Arkansas, 37, said, “The alumni, the previous riders, provided inspiration.  Being able to hear their stories of camaraderie, personal growth, and spiritual growth is one of the things that I’m most looking forward to.  Knowing where our roots came from and who we’ve become along that journey.”

She said she is interested to find out how she turns out at the end of the journey.  “It’s that next plateau that I’m looking for – the spiritual growth.”

Shayla Jackson, 26, works at the New Kituwah Academy and said the students are an inspiration to her.  “They definitely inspire me to do a lot every day.  I kind of just push myself to be the best person I can be to show them that they can do anything that they want to do.”

She hopes to gain a deeper connection to her ancestors.  “I’ve seen a transformation in the people that I know that have done the bike ride, and I’d like to be a part of that.  I’d appreciate to have that deeper understanding and connection.”

Johnson, 20, was inspired to do the ride from his older sister, Carmen Johnson, who participated several years ago.  “She said it kind of changed her life, and she said ‘you just have to be there to experience it.’  It’s always been this sort of lingering mystery of what is it going to be like.”

He is hoping to gain further knowledge on the Trail of Tears.  “I grew up with a textbook knowledge as far as here’s the Trail, the Removal, Andrew Jackson – and, they didn’t really dive too much deeper into it.  I’ve done a little bit of research on the side on the history, but I feel that a lot is missing.  I’m really looking at this experience as a way to get educated on the topic so I can spread the correct knowledge and know more about myself and my family.”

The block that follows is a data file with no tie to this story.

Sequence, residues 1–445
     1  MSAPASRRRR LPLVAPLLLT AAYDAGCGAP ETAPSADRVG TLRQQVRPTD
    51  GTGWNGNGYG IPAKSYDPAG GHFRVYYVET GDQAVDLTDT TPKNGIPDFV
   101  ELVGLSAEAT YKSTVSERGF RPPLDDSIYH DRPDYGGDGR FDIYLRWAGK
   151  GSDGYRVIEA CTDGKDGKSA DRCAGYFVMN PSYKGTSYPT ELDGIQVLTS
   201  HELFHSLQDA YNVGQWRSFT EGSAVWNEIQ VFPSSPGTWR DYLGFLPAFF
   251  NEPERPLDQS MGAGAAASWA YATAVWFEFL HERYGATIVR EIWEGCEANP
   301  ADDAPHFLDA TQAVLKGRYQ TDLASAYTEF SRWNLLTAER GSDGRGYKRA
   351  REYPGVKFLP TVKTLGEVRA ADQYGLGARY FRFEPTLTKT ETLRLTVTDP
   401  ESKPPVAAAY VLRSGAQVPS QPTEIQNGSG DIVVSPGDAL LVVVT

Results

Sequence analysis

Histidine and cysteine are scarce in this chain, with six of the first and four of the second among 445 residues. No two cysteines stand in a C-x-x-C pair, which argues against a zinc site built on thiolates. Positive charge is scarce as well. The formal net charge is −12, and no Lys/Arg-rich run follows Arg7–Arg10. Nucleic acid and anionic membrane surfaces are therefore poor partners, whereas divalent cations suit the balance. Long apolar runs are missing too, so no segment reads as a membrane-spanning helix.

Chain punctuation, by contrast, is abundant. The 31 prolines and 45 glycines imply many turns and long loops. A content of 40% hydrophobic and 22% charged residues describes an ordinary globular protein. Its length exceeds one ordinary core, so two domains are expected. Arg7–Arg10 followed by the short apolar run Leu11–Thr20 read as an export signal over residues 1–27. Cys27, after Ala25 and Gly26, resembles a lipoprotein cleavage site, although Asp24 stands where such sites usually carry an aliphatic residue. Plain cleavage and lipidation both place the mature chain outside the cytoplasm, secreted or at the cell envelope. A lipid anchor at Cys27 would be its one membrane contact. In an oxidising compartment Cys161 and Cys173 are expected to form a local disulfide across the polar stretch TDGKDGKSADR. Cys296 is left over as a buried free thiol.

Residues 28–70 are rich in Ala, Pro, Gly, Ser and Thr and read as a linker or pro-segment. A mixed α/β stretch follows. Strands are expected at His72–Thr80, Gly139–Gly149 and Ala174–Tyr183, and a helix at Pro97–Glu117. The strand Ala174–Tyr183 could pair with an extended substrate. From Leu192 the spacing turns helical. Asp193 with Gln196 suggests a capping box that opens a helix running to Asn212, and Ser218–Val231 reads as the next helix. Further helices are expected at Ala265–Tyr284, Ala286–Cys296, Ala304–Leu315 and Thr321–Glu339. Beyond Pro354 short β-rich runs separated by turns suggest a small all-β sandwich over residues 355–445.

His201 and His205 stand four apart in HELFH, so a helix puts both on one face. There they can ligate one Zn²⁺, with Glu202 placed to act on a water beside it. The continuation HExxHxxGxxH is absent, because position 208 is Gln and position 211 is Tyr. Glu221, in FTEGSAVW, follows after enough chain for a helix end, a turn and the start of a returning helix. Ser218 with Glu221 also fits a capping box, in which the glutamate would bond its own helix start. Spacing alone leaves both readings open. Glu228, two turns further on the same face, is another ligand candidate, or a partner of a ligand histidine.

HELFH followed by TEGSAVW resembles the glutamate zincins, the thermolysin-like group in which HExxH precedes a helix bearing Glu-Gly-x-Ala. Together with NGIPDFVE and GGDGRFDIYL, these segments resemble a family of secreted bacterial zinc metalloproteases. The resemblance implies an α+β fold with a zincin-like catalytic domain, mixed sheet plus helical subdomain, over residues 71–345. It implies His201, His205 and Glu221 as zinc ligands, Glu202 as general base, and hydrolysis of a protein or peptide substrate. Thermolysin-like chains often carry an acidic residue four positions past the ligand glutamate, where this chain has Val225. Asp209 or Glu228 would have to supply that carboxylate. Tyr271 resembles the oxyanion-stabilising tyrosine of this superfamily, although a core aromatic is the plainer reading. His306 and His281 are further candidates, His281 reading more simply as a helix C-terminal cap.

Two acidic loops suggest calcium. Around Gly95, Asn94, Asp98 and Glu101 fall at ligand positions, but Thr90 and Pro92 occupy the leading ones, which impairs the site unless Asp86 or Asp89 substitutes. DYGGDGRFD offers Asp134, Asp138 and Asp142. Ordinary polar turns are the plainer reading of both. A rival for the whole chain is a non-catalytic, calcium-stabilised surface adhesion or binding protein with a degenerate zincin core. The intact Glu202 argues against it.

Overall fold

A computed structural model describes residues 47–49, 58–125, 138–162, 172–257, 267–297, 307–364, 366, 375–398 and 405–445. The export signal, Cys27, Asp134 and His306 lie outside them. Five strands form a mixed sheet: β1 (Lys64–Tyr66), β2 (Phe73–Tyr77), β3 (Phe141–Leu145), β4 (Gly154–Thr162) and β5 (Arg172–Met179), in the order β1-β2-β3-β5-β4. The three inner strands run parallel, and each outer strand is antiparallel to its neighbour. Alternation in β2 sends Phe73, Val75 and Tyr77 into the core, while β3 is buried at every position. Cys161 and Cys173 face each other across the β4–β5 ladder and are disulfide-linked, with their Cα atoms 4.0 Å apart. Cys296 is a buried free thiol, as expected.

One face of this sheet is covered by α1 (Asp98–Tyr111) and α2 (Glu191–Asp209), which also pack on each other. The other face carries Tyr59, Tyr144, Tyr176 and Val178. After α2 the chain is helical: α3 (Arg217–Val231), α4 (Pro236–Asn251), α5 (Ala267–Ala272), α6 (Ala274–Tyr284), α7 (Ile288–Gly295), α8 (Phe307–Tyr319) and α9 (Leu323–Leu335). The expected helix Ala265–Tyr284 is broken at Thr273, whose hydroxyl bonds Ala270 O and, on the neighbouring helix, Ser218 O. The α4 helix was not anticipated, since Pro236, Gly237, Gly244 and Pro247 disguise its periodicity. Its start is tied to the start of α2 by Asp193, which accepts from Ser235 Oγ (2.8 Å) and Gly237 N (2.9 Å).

Allison, 38, was inspired by Tonya Carroll who was a 2019 rider and actually began training with her.  “Her interest in doing it and all of the information that she brought home about it made me more interested in it.”

He said one main inspiration to him is to answer the question – why is the Eastern Band participating in this ride?  “I know there’s a lot of other people with the same view or perception of that.  The more I’ve learned about it, the more I’ve come to understand why we do it, and I want to go on that and help to change the perception of those who don’t understand why we do it.”

Allison said he is also looking forward to the physical challenge as well as the plethora of cultural and historical knowledge he will gain during the journey.

Myers, 40, commented, “Part of my family was removed to Oklahoma.  Some of them still live there.  Part of them escaped and came back on a couple of different occasions and ended up staying here.”

A large part of his reason for going on the journey is to encourage fellow tribal members to focus on their health.  “For all intents and purposes, I probably shouldn’t be here.  I had a kidney transplant.  A few years back, I was in full renal failure and had to be on dialysis for about a year-and-a-half.  One of my best friends donated a kidney so I’m riding for him, for that sacrifice.   I want to help promote a healthier Cherokee.  I think prevention is the best avenue.”

The riders will embark on their journey from New Echota, Ga. in early June and will arrive in Tahlequah, Okla. several weeks later.  The One Feather will publish their full itinerary following the official send-off event from Kituwah Mound which will be held several days before they start.

Johnson summed up the rider’s sentiments, “I think it’s going to be a beautiful experience.”